Lessons of 9/11 helped US cope with power cut

Last Thursday's power cuts across the east coast of North America were the first test of the billions of dollars spent on...

Last Thursday's power cuts across the east coast of North America were the first test of the billions of dollars spent on business continuity plans since the 11 September terror attacks.

Simon Mingay, research director at Gartner, said, "The power cuts in the US have proved the value of business continuity planning."

He said, post-11 September, the private and public sectors have shifted from syndicated business continuity services, which would not have coped as well with the power cut, to spending money on creating in-house IT capacity to support the business in the event of a catastrophe.

This huge investment seems to have paid off. A spokeswoman for Citigroup, which has its headquarters in New York, said the bank was able to continue to conduct business, in spite of the power cuts. "We invoked business continuity plans to minimise the impact of the power outages in the North East of the US.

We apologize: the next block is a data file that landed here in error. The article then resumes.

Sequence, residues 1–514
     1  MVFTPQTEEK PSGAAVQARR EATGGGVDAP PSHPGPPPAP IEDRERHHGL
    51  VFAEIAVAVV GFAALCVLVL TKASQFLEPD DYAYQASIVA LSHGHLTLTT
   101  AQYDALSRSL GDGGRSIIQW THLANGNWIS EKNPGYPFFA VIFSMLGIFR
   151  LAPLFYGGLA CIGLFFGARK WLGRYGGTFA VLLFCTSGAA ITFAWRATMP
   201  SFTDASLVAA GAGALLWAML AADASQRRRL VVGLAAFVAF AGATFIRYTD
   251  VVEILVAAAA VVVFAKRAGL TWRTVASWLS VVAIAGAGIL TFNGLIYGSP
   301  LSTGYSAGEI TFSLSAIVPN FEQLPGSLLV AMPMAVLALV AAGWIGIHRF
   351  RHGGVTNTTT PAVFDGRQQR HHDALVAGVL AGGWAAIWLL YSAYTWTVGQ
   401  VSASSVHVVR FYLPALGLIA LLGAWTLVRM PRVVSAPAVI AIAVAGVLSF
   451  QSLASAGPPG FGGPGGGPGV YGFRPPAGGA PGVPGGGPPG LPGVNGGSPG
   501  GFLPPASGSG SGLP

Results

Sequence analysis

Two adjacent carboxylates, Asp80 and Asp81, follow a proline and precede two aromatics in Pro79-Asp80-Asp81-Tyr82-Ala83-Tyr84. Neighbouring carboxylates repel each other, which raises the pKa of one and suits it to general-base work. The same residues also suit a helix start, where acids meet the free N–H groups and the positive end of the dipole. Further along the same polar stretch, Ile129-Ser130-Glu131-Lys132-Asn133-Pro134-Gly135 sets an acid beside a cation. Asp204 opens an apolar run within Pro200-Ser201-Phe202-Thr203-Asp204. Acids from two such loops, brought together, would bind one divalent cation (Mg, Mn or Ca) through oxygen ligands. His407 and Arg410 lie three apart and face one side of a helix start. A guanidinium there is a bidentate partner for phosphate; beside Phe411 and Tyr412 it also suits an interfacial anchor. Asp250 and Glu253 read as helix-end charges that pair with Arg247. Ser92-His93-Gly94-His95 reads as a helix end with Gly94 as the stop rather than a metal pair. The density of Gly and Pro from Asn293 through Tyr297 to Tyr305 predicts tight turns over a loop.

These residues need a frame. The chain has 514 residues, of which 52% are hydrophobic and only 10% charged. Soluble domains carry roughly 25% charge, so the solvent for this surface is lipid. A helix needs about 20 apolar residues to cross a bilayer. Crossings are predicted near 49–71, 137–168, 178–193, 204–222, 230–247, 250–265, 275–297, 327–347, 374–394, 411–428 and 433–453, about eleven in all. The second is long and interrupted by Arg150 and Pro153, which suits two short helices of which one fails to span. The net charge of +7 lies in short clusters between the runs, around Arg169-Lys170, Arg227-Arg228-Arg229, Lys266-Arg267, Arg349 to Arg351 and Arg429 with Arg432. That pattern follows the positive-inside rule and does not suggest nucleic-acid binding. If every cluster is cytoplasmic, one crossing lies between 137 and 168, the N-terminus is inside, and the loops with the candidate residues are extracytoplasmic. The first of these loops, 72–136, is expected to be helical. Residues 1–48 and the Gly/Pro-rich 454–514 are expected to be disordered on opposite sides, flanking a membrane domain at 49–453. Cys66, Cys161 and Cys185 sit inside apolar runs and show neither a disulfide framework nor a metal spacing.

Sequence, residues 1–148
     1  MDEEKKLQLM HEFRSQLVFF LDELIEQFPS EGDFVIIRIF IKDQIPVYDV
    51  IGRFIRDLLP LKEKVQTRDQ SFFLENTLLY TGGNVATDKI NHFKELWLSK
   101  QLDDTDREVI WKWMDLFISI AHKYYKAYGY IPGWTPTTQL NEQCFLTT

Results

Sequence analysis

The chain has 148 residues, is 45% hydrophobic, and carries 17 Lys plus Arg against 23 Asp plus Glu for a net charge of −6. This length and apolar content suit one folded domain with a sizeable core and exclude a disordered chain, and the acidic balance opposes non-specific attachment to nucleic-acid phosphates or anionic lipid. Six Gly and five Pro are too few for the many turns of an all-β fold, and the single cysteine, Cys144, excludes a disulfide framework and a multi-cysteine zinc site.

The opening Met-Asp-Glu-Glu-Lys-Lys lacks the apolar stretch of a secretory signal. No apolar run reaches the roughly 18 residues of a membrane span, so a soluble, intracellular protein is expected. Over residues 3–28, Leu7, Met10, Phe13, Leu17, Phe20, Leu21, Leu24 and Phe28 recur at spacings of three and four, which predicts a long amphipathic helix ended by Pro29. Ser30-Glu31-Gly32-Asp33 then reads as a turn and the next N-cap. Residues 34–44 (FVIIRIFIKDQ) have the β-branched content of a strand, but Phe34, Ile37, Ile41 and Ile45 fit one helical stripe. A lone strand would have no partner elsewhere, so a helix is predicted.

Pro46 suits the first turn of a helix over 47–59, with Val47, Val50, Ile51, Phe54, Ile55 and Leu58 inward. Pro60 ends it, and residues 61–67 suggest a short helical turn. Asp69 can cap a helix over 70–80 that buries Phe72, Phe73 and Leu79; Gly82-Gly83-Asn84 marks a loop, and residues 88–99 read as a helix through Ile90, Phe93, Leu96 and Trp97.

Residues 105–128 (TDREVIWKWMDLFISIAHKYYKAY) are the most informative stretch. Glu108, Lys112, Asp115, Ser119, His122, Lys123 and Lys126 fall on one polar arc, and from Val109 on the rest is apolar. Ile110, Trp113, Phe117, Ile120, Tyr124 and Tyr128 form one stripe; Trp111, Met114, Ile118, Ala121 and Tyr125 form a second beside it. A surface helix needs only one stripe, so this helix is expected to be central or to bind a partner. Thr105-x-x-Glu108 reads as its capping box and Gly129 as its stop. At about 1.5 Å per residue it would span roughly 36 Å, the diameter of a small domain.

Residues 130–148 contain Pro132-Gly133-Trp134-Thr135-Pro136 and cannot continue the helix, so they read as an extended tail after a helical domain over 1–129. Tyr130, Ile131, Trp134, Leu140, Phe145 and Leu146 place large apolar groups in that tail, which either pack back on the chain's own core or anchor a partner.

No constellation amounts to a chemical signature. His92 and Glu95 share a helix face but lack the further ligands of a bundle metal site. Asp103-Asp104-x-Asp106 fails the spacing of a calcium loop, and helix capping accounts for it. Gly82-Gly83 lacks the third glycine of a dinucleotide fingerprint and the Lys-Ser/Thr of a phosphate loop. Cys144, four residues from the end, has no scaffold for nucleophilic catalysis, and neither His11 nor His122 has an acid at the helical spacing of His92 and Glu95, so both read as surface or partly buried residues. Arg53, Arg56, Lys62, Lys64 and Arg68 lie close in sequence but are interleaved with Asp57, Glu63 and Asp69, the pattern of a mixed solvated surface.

"We will continue to monitor the situation and advise clients accordingly," she said.

Although servers and PCs in the affected cities were down, Vanessa Evans, sales and marketing manager at Linx, the London Internet Exchange, said, "Internet traffic levels were not affected."

Since the original concept of the internet was to provide a resilient communications infrastructure that does not rely on a central hub, Evans said the internet traffic found another path.

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